Female Engagement Teams -- The Answer in Afghanistan?

Joanne Bamberger
Politics & Views

Image courtesy of Photobucket
Sometimes I joke that if women ran the world, the economy would still be stable, things would have been a lot different on Wall Street, and more than a few Supreme Court decisions might have a different slant, especially when it comes to equal pay.

But it really isn't all that funny, because women do bring a truly different perspective to most important issues -- a perspective that's often overlooked. Interestingly, the Marines are taking a page out of that 'let's try things a different way' book with its recently formed Female Engagement Teams in Afghanistan.

It's no secret that things could be going better for us in that part of the world, but the standard playbook isn't working, especially in light of the vast cultural differences with how women are treated and women's own personal beliefs in that country.

The New York Times recently ran a great article on these FET's entitled, "In Camouflage or Veil, a Fragile Bond," which is a fantastic look into how women might be the key to a big shift in the Afghanistan conflict.

The factor that the mostly male superiors in the Marines have (finally) figured out is there is something major to be gained by tapping into the power of women and the influence they can have over the men in their lives. But the presence of the FETs isn't just about military strategy -- it's also about giving women hope and help, even if it's just about something small that we take for granted in our daily lives.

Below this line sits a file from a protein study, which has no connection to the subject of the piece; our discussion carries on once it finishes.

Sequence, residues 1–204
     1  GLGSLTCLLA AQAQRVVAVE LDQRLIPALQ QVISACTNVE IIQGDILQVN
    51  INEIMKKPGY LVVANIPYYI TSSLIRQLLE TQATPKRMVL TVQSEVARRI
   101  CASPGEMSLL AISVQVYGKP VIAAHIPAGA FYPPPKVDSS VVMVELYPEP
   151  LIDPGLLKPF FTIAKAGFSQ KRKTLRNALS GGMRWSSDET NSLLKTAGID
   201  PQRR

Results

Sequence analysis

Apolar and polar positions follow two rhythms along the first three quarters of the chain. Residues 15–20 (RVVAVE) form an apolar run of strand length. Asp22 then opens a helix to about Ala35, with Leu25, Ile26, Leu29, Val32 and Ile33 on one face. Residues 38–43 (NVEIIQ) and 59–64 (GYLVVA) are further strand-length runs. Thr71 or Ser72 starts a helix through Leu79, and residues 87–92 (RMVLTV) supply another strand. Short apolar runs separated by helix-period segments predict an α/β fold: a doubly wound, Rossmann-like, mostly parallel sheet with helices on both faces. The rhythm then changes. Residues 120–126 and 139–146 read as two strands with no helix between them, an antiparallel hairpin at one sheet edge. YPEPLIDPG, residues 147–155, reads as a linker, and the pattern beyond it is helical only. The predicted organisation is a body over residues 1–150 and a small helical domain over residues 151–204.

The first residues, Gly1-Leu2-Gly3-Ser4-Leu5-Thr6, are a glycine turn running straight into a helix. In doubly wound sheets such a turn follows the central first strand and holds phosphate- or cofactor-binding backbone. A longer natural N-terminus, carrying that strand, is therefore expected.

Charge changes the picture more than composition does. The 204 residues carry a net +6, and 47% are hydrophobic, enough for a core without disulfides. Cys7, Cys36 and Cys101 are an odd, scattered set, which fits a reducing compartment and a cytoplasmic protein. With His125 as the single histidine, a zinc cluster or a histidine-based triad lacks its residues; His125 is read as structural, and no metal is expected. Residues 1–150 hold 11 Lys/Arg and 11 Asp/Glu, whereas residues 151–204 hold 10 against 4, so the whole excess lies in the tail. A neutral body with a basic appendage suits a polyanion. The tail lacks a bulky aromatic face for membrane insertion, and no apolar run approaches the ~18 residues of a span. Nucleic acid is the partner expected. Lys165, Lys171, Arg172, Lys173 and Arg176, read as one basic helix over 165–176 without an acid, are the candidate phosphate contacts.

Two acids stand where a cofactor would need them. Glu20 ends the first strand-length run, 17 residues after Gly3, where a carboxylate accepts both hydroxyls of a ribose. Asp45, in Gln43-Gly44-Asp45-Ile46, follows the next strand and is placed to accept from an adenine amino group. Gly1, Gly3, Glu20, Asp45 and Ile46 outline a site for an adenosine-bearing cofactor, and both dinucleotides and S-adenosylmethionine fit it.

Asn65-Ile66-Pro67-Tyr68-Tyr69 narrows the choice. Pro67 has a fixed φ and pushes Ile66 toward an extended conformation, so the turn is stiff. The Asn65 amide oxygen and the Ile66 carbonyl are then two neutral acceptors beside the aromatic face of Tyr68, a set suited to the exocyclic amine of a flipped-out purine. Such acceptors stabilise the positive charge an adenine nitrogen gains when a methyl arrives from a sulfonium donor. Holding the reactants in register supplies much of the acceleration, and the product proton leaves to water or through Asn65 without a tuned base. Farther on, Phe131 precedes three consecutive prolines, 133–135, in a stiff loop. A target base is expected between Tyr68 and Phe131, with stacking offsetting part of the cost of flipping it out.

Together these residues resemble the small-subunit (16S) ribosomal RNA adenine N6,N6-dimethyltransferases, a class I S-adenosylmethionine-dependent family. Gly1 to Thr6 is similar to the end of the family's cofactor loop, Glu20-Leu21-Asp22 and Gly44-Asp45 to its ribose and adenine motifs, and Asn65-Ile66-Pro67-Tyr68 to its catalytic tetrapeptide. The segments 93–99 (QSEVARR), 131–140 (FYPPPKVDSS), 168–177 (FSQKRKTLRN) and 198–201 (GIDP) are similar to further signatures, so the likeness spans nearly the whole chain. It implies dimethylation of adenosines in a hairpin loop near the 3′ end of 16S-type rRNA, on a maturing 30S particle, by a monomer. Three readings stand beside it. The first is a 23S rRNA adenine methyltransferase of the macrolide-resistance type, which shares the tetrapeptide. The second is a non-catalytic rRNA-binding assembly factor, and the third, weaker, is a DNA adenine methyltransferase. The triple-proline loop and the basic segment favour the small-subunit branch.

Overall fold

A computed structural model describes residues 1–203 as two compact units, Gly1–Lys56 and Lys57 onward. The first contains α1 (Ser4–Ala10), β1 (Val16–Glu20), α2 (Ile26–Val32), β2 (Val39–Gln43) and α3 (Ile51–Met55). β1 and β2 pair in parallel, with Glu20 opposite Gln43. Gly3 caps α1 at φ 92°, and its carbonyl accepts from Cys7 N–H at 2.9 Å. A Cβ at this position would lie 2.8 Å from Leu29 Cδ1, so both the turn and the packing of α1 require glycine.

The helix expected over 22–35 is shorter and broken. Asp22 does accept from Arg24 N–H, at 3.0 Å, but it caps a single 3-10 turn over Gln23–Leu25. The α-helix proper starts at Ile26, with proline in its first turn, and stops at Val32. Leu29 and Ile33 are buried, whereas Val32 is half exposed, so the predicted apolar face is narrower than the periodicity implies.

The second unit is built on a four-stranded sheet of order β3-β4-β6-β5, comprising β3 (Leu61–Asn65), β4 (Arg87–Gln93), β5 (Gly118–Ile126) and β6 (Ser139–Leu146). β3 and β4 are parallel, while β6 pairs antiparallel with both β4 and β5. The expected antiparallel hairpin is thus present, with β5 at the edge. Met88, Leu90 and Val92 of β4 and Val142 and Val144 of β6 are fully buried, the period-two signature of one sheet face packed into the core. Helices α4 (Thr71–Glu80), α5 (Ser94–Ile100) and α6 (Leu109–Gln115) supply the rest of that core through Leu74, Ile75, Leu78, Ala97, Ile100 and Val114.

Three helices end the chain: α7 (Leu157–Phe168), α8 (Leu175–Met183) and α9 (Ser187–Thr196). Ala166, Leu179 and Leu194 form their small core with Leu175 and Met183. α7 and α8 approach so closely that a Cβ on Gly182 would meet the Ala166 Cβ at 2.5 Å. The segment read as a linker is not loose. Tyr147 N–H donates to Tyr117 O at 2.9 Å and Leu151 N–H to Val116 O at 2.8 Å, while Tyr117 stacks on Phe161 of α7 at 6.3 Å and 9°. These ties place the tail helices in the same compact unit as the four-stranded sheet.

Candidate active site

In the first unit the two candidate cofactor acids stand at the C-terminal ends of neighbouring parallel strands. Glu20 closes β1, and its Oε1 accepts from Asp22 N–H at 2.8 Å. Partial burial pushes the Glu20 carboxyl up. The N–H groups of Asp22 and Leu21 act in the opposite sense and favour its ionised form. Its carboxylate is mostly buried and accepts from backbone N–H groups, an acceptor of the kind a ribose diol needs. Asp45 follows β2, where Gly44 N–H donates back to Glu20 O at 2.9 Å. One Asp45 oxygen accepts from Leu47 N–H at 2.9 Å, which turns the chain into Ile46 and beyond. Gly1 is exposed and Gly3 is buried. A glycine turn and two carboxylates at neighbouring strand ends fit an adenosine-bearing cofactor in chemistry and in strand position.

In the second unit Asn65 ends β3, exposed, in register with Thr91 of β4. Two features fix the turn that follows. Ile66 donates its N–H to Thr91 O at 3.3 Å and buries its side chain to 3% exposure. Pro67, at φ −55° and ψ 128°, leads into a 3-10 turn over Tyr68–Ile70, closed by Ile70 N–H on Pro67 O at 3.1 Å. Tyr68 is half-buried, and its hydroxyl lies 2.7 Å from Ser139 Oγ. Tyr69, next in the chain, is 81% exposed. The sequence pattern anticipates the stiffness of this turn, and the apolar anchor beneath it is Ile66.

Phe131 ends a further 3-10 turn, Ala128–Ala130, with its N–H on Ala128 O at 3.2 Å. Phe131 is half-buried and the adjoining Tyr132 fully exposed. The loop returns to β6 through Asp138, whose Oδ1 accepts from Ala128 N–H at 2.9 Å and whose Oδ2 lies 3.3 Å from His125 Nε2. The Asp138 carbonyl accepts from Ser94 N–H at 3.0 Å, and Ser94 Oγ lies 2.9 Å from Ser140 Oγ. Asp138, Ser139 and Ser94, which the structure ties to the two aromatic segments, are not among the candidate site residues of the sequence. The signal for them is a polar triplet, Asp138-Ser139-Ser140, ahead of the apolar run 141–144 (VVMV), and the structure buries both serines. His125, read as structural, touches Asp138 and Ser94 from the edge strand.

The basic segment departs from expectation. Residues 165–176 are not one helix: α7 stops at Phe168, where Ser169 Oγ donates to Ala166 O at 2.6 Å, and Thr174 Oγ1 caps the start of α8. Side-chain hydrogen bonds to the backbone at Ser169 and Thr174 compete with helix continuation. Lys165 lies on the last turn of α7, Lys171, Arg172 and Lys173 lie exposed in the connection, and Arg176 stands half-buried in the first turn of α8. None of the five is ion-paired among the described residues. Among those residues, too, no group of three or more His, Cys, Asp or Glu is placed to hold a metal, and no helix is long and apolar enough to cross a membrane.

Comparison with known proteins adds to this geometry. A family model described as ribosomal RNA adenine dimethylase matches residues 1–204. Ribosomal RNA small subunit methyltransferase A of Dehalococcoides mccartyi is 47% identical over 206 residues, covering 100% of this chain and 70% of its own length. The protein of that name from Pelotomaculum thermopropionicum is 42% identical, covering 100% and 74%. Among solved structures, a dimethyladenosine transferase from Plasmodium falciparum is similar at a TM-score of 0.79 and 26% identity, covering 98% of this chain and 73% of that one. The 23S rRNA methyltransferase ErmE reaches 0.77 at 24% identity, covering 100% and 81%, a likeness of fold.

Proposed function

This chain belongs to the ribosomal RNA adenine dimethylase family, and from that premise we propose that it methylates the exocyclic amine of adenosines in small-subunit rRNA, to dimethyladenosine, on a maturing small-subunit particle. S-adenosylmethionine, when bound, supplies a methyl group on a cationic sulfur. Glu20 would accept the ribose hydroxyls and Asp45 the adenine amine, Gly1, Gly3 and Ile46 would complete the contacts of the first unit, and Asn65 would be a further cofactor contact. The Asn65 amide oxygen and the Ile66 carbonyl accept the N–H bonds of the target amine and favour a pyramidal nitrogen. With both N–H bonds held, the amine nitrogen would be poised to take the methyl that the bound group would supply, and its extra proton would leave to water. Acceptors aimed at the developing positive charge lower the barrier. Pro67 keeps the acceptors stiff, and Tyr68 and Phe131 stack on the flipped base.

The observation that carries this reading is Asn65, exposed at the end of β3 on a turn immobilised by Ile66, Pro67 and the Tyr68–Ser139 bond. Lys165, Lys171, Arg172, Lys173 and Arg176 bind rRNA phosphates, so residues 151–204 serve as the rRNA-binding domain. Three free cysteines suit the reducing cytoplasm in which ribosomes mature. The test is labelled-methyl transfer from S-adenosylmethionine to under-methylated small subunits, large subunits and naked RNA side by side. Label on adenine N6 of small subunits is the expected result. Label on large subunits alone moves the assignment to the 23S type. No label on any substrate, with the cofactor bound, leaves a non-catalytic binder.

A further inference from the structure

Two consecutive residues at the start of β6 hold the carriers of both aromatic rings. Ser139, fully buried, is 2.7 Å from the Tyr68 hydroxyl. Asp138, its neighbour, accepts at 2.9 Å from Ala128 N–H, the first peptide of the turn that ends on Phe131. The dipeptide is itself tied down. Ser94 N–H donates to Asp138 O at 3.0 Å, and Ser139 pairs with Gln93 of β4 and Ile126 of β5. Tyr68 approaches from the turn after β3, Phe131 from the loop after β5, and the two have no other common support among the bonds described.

Corporal Dana Drew, one 25-year-old member of the FET, told Fox News, “One of the biggest complaints we get is ‘Oh, my teeth hurt,’ so we ask them, ‘Do you brush?’” Drew says many Afghan women have never even seen a toothbrush, so they show them how to brush their teeth and give them extra toothbrushes and toothpaste they get in care packages from home.

“We can’t solve every issue out there, but we can make a difference in their lives,” says Drew.

For the military, though, it's not just about the small talk, the tea, or the toothbrushes. The Marines hope that by making some small inroads into the lives of Afghanistan women, there will be an opportunity to find ways to solve the conundrum that is Afghanistan.

While we certainly have it a lot better here in America than our Afghan sisters, I wonder how much further we could take issues that impact women in the United States if some men in power thought it was worthwhile to sit down and talk with us over tea?

Joanne Bamberger often can't stop herself from pondering the intersection of women and politics, so she writes it all down at her place, PunditMom. Her book about how women and mothers are revolutionizing politics through social media will be published this fall.

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